MANILA, Philippines—Even as he acknowledged that their now infamous brawl against Australia is “absolutely unacceptable,” Gilas Pilipinas coach Chot Reyes still rushed to the defense of his players and explained the events that led up to the unfortunate incident.
The Philippines lost to Australia by default, 89-53, in their FIBA World Cup Asian Qualifier on Monday at the Philippine Arena in Bocaue, Bulacan, when the game was called to a halt with 1:57 left in the third period.
At that point, the Philippines only had one player available – Baser Amer. This, after nine players were thrown out in the wake of the bench-clearing melee, and after June Mar Fajardo and Gabe Norwood had fouled out as well. Australia had four players ejected on their side.
Speaking to reporters after the game, Reyes maintained that they “didn’t want it to happen.”
“It’s absolutely unacceptable,” he said.
However, the coach also noted that the Gilas players were simply reacting to what they felt were dirty tactics used by the Boomers, particularly forward Daniel Kickert.
According to Reyes, Kickert had been provoking the Philippine team during the warm-ups, when he hit Carl Bryan Cruz, Matthew Wright, Roger Pogoy and Calvin Abueva.
The free-for-all at the 4:01 mark of the third quarter started when Pogoy committed a hard offensive foul on Australia’s Chris Goulding, and Kickert responded by decking him from behind. It was a full-on brawl from there, with the normally mild-mannered Jayson Castro seen leaping for a punch on Kickert before the rest of the Gilas players spilled onto the court.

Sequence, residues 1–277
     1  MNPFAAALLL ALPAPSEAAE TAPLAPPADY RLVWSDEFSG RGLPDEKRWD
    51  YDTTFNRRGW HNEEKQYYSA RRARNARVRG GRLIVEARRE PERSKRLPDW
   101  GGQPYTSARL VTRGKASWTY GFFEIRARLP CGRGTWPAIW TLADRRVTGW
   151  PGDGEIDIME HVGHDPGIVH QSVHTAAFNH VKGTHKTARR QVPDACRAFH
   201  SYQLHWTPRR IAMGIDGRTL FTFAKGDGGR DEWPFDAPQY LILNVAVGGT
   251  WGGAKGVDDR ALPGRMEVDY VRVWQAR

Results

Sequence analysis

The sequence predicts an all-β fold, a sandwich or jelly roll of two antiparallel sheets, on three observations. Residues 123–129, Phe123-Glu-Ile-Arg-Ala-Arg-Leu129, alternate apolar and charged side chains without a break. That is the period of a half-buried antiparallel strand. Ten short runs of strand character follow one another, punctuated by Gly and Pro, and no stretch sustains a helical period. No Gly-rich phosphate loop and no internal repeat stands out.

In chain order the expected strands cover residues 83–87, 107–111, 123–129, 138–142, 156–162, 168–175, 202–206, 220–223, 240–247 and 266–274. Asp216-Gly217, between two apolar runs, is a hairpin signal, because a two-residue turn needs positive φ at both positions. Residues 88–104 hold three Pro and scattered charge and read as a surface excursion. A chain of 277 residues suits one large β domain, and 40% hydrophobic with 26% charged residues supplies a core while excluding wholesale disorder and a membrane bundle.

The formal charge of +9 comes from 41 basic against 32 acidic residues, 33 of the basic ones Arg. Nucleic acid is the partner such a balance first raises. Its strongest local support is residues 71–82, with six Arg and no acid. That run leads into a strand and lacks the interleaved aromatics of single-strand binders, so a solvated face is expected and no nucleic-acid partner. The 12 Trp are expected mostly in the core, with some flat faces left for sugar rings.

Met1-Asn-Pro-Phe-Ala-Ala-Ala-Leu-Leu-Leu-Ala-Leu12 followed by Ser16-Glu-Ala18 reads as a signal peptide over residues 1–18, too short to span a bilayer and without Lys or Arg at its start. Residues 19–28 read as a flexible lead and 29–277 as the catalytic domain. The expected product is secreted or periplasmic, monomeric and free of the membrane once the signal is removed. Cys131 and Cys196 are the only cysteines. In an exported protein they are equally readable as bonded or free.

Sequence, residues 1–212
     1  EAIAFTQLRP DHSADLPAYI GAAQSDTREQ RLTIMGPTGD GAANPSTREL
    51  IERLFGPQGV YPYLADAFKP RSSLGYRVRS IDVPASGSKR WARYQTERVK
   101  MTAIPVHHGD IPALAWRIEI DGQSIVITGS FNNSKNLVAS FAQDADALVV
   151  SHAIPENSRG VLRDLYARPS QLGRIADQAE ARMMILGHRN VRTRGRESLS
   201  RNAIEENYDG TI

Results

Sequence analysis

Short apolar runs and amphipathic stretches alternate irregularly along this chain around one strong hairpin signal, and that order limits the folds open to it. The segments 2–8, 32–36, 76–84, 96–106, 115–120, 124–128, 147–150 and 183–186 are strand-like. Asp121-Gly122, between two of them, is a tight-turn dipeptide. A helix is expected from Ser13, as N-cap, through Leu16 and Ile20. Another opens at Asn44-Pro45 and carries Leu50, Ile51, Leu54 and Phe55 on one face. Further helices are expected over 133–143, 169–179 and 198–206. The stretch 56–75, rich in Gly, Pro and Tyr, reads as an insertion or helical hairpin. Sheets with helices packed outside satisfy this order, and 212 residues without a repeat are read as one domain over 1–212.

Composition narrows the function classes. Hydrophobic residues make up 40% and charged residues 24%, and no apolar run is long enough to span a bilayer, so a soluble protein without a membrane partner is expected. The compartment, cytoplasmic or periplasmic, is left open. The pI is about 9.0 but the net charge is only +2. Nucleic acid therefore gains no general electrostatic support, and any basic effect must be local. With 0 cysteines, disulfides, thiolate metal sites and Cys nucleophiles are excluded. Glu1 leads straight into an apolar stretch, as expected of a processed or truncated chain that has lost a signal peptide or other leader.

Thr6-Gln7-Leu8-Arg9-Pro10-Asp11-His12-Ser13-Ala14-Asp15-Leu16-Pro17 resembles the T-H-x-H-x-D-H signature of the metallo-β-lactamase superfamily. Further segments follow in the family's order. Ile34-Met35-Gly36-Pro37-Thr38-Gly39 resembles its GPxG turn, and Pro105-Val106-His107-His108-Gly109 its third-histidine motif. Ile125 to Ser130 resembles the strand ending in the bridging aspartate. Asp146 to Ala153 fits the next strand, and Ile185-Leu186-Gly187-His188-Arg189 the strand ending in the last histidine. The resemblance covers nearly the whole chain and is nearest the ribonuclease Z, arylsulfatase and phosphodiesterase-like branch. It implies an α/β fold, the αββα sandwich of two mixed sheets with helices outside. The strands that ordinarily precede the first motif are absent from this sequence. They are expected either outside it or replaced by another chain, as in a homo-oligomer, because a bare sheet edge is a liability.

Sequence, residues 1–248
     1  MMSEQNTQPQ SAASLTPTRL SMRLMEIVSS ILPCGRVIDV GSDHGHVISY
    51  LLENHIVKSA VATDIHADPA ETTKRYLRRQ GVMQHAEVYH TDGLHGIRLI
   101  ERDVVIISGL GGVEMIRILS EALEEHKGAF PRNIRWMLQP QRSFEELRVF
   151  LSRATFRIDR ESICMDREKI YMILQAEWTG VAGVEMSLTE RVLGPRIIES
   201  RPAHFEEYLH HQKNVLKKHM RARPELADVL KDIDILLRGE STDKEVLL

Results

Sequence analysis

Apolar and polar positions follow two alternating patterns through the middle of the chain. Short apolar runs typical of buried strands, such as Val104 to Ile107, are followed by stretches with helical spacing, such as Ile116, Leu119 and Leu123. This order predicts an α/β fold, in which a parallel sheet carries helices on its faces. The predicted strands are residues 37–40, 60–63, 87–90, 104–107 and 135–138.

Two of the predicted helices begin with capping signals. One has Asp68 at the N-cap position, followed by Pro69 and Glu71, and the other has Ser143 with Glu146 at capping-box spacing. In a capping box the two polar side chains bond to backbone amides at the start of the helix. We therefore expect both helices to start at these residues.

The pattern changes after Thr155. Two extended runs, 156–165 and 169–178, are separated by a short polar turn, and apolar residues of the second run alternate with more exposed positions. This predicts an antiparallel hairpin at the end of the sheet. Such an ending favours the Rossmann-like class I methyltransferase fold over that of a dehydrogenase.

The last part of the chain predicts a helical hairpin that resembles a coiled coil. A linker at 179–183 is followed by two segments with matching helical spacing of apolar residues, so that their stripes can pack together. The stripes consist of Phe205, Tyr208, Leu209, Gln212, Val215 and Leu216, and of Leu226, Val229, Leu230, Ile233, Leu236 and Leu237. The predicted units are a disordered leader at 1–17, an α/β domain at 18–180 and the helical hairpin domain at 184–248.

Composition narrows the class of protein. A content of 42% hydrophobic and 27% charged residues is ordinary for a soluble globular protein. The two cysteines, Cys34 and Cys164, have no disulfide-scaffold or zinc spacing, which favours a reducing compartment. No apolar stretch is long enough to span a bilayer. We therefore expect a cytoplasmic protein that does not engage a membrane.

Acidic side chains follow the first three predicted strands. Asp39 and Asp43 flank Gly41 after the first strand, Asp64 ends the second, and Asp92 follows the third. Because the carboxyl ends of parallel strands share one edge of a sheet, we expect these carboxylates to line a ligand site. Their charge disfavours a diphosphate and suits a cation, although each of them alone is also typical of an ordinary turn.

“The foul of Pogoy on Goulding was an offensive foul, and it was a basketball play,” Reyes maintained. “But he (Kickert) was the one who came in and decked Pogoy (for the) fifth time.”
“You don’t expect to do it to a team five times, and not expect them to retaliate, so that’s what happened,” he explained. “Unfortunately, that triggered the entire brawl.”
When asked for Kickert’s motives, Reyes opined that the Australian forward may just have been trying to out-psych the Filipinos.
“But whatever his motives is, there is no excuse for him doing what he did during the warm-up,” said Reyes. “Nakakita ka na ba ng kalaban na tumira sa warm-up? Sa lay-up line? Round-robin, hindi pa nag-uumpisa, pinagtitira na tayo.”
“What do you expect us to do?” he added.
Already, reactions from all over the world are pouring in regarding the incident. Several PBA players have expressed their shock and disappointment at what happened, which Reyes says is understandable.
“I understand the disappointment, I understand that some our embarrassed,” said the coach.
However, he stressed that these critics do not really know what occurred, and the events that led to the brawl that has since made it to international websites.
“It’s something that you have to be there to know what really went down,” said Reyes. “I know a lot of Filipinos, especially a lot of PBA players are saying their piece, but they don’t know what happened.”
“They don’t really know what went on,” he said. “That’s all that we have to say.”
“You have to be in the team, you have to be in our circle to really understand what went down.”